Here’s something you may not know about me: I hate bloggers and I hate blogging. And if you want to know why, the New York Times did a pretty good job illustrating the point yesterday. The medium is thankless and the people who do it…oh my goodness are they some of the most whiny, annoying and vapid people on the planet. Bloggers need to be locked in an Internet-void room and kept there. And their leader Robert Scoble can go with them.
Every few months we see these articles posted in the New York Times or the Wall Street Journal or some other Prestigious IRL News Outlet about the thousands of abandoned blogs scattered all over the Web created by boring people who weren’t loved enough as children. People who jumped on the blogging bandwagon in the mid ‘90s thinking it was their ticket to widespread validation, head pats and where they could unload their drama about how traumatic high school was. But (SHOCKINGLY!) no one cared. No one commented. No one offered them a book deal. And they weren’t even cast in a movie with Brad Pitt. So they abandoned their blog, all whiny and disillusioned. Cry me a river.
And sadly, hundreds of new boring ass blogs are created every day by more whiny ass people. And what’s great about it, is that it’s always blogging that is blamed for their failure. Listen to the NYT explain the “serious letdown” that most face from “the blogging hype”:
“No longer would writers toil in anonymity or suffer the indignities of the publishing industry, we were told. Finally the world of ideas would be democratized! This was the catnip that intoxicated Mrs. Nichols. “That was when people were starting to talk about blogs and how anyone could, if not get famous, get their opinions out there and get them read,” she recalled. “I just wanted to post something interesting and get people talking, but mostly it was just my sister commenting.”
The problem is you didn’t post anything interesting. It was only your sister commenting because you were boring. You provided no value to anyone outside of your immediate family. You weren’t writing a blog. You were writing your Christmas letter to Aunt Millie. Not even your family is interested in that letter. That’s why it’s crumpled up the kitchen drawer right now.
The problem with blogging is also what originally made it great. It’s that anyone can do it. Unfortunately, most people shouldn’t. Because they’re boring. And they have nothing to say. So instead of using the Web to be interesting, they just start talking about their day as if people care. And they do that until they realize that no one does cares and then they blame blogging for their failure.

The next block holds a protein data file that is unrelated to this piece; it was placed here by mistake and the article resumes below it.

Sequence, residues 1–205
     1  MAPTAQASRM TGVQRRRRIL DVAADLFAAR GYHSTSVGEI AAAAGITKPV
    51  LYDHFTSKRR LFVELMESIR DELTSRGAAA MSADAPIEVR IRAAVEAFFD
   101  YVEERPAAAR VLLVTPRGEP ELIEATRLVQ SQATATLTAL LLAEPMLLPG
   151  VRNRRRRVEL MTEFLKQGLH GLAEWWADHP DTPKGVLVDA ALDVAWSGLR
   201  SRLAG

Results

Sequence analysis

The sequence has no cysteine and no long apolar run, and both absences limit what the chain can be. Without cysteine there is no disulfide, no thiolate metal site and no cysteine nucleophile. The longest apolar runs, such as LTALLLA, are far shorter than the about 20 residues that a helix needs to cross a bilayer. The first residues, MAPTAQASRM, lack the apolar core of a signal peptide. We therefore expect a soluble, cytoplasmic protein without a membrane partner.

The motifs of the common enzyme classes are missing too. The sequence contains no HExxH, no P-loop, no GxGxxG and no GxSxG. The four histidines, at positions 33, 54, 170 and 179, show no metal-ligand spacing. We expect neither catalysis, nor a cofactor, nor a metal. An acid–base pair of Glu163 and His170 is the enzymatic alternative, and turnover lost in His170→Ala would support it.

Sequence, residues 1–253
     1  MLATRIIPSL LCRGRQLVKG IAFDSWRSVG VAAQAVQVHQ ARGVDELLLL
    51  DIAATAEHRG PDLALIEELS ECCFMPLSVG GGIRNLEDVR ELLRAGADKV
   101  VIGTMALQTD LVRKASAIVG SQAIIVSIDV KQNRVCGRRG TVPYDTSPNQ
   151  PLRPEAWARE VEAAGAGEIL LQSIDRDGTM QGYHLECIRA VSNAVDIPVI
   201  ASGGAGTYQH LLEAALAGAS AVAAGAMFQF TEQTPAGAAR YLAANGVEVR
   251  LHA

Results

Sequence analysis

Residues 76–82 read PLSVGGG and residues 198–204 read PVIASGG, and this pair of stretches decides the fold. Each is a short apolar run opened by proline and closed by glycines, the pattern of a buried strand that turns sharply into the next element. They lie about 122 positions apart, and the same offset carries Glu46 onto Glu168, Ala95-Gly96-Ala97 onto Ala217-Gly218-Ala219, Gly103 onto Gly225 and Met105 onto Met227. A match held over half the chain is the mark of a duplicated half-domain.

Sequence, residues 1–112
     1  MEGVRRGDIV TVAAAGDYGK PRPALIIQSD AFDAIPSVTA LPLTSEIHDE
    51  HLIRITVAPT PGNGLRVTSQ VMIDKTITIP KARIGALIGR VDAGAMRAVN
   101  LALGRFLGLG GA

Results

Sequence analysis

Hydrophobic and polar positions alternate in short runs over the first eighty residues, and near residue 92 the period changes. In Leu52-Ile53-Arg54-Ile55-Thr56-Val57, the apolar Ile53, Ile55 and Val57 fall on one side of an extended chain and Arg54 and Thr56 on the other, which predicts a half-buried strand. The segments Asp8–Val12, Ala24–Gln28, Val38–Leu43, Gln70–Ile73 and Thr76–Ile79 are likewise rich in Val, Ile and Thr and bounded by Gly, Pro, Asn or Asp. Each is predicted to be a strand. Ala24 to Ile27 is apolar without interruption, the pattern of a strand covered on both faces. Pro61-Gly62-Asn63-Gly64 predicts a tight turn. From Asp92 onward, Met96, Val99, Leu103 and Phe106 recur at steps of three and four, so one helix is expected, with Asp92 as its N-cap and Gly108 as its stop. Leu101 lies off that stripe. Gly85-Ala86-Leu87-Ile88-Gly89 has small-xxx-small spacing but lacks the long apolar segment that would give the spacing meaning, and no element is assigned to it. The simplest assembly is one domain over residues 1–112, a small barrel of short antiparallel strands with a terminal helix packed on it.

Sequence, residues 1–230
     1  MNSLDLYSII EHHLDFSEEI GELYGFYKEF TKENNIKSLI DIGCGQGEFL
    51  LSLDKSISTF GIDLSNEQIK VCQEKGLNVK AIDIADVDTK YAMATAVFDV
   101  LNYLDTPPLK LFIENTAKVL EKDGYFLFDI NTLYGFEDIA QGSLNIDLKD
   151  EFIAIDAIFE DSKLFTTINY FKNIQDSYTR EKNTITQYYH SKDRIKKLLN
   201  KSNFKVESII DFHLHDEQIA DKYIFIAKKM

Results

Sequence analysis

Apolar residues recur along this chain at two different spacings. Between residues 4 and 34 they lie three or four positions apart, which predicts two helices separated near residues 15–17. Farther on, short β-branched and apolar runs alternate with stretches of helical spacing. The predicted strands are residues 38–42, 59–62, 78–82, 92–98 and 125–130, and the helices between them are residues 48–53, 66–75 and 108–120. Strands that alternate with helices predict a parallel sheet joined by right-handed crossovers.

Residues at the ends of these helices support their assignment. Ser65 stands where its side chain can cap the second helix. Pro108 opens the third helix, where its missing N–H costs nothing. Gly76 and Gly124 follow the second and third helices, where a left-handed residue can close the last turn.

And I’m tired of it. I’m tired of the whiny lifestyle bloggers. I’m tired of hearing all the excuses for why you suck. I’m tired of being lumped into an association of “bloggers” when I resent the term. Being called a “blogger” is an insult. Not even Google takes Blogger seriously.
And I understand why.
Blogging is kind of like the film industry. A fraction of the people who move to Hollywood with big dreams and stars in their eyes actually deserve and achieve real success. The rest of the wannabes take jobs as waiters and continue to call themselves actors. They’re like the Nancy Suns of the world who get interviewed by the NYT and say crap like this:
“To be honest, I would love a book deal to come out of my blog,” she wrote. “Or I would love for Salad Days to give me a means to be financially independent to continue pursuing and sharing what I love with the world.”
I hate bloggers because their “hobby” gives my profession a bad name. We’re not doing the same thing. The thousands of words I write for different blogs on the Web each week is not the same as Molly writing about her day, attracting comments from her sister and her two best friends. But we’re lumped into the same category. And that’s why blogging is a joke. Because 95 percent of the people who blog treat it that way.
Most people start blogging thinking it’s a magic bullet. It’s not. Even if you started in the early ‘90s, it wasn’t. A blog can absolutely help people find success. But it’s only going to make you successful if you were already going to be successful. That is, if you’re an interesting person. If you have something interesting to say. If you have a story. If you can do something with your blog. Those are the people who have become “famous” from blogging. But most people aren’t interesting. They’re not special. And they’re not pretty either. Your mother was lying to you. So is your spouse.
Here’s the simple truth: A blog won’t make you less boring, it will just emphasize the fact that you are. That’s why most blogs fail. Not because blogging is overhyped or because people “lose interest”. It’s because you treated your blog like your family newsletter and no one cared. If you’re going to start a blog in 2009, for God’s sake, be interesting. Find a niche that you can stand out in and where you can offer something valuable. Otherwise, do all of us a favor and create a Twitter account instead.
About the Author
Lisa Barone co-founded Outspoken Media in 2009 and served as Chief Branding Officer until April 2012.